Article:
Table 5 Behçet disease, gout and male fertility. 

Author Year Study Population Results Conclusion
Behçet disease

Mizushima et al. (24) 1977 157 patients with BD in colchicine use 11 patients had oligospermia Low side-effects of colchicine use
Fukutani et al. (26) 1981 31 male patients with BD divided in four groups regarding medication use Only the patients treated with CYC had seminal abnormalities and diminished FSH serum levels BD did not impair testicular function / Testicular damage related to CYC
Tabbara (27) 1983 10 men with BD treated with chlorambucil 7 patients had oligospermia and the other 3 azoospermia Chlorambucil should not be used as the first line of therapy in BD
Sarica et al. (25) 1995 62 male patients under colchicine therapy for BD 23 patients (37%) had oligonecrospermia and 2 patients (3%) azoospermia Urological manifestation of BD and medication adverse reaction should be careful monitored
Shiraishi et al. (17) 2008 32 men with RA, 14 with BD, 8 with SLE and 80 healthy controls None of BD patients had ASA BD seems not to be related to ASA
Uzunalan et al. (28) 2013 162 men with BD, 48 with FMF, 79 with AS and 43 healthy controls 23 BD patients had fertility issues, most commonly varicocele / No difference in pregnancies or children conceived BD does not significantly decrease patient’s fertility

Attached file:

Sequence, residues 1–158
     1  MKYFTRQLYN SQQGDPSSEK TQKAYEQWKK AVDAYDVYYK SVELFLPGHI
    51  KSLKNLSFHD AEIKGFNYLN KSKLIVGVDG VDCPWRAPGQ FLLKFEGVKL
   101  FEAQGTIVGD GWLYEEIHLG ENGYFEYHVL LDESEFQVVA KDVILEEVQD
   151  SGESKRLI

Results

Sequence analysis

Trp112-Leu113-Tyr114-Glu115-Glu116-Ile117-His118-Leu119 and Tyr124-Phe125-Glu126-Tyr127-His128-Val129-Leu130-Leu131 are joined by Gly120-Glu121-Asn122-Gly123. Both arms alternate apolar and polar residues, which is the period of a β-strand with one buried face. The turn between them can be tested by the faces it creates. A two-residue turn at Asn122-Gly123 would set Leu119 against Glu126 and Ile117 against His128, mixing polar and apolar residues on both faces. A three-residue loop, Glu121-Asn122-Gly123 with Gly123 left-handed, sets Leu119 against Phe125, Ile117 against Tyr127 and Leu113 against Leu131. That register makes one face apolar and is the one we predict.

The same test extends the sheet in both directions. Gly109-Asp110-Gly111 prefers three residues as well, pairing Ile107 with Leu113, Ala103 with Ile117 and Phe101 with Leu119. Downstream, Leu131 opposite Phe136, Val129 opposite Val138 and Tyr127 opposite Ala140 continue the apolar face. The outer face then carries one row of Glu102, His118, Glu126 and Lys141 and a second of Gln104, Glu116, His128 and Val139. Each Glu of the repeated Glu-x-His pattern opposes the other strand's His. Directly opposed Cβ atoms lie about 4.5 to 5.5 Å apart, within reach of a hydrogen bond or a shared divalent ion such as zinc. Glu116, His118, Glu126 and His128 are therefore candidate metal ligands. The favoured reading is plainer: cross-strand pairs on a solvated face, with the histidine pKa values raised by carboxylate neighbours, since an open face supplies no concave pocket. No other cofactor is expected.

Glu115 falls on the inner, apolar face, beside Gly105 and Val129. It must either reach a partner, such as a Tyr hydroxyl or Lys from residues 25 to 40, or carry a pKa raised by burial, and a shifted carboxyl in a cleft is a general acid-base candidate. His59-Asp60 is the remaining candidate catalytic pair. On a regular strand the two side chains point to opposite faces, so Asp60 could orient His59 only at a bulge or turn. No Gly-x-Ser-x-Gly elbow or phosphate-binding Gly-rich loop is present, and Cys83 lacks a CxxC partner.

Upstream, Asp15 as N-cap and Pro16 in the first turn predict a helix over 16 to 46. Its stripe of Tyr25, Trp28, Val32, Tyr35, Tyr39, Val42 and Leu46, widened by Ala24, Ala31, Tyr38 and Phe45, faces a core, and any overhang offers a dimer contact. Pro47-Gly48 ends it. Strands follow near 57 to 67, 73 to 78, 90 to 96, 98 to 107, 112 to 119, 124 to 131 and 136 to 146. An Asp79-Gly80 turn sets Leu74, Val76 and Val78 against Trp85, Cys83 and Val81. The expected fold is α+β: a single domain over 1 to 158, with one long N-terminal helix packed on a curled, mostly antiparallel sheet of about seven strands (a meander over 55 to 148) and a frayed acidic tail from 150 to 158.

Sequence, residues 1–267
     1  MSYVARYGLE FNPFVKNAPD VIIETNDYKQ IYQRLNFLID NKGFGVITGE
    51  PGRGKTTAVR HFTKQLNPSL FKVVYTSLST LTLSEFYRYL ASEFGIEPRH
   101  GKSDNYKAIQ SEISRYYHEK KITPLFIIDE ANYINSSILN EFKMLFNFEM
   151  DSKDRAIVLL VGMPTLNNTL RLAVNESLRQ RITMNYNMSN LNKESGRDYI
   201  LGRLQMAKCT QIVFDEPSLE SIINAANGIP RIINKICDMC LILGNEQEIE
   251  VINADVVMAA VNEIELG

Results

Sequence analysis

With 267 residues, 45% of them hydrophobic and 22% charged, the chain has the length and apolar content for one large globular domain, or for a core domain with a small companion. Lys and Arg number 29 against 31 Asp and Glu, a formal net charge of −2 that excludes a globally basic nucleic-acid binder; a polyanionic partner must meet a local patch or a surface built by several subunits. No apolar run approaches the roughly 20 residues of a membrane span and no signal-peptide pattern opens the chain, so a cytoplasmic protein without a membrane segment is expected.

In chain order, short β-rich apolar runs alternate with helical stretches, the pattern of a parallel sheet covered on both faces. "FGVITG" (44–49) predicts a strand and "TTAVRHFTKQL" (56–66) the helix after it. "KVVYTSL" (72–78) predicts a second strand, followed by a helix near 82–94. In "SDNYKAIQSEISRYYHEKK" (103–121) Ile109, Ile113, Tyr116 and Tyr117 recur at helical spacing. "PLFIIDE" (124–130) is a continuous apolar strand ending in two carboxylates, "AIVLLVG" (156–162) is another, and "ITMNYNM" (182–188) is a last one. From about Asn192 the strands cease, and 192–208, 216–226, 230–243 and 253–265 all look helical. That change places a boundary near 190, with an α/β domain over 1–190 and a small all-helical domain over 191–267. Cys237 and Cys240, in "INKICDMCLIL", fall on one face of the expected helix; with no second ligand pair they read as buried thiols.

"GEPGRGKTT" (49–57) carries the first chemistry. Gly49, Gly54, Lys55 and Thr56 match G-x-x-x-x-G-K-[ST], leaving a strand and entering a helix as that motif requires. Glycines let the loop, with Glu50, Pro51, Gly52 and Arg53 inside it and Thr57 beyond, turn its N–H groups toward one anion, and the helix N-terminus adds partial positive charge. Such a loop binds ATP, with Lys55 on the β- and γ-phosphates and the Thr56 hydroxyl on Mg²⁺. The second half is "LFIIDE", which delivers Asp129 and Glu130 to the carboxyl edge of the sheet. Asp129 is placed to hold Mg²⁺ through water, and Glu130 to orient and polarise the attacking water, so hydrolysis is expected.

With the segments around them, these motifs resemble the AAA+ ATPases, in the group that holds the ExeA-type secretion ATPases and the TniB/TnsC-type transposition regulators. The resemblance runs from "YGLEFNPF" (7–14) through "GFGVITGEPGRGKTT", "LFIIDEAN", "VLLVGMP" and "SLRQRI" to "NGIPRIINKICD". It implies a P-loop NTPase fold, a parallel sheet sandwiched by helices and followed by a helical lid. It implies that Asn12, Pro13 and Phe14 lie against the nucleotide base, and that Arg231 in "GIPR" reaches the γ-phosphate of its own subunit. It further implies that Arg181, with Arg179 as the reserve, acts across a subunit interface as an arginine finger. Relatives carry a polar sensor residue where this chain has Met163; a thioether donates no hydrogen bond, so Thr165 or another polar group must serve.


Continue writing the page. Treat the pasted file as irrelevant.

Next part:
Gout

Yu (29) 1982 518 gout patients treated with colchicine No fertility issues reported Neither gout nor colchicine use impacts fertility

Note: BD = Behçet disease; FSH = follicle-stimulating hormone; CYC = cyclophosphamide; AS = ankylosing spondylitis; ASA = antisperm antibody; FMF = familial mediterranean fever

Alkylating agents may induce sperm abnormalities in BD patient’s, as reported in ten men using chlorambucil that had impairment of semen production: 7 with oligospermia and 3 with azoospermia (27).

A recent study evaluated fertility outcome of a larger retrospective cohort of BD patient’s compared to a control Group (28). They observed that 23 out of 130 subjects had infertility and the most common etiology was varicocele. In contrast, none of the 14 men with BD assessed for ASA had antisperm antibodies (17).

Gout

There is only one report addressing gout and fertility in males (Table-5). In a large study with 540 young patients with gout, fertility status was preserved in patients treated with colchicine and none presented fertility issues during 20 years of follow-up (29).

DISCUSSION